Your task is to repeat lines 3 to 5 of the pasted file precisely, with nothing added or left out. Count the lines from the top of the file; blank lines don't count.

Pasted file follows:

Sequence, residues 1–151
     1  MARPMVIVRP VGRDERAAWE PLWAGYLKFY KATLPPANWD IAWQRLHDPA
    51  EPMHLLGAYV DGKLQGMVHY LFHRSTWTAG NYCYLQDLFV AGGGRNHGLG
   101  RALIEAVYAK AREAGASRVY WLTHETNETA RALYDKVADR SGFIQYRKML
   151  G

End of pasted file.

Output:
    51  EPMHLLGAYV DGKLQGMVHY LFHRSTWTAG NYCYLQDLFV AGGGRNHGLG
   101  RALIEAVYAK AREAGASRVY WLTHETNETA RALYDKVADR SGFIQYRKML
   151  G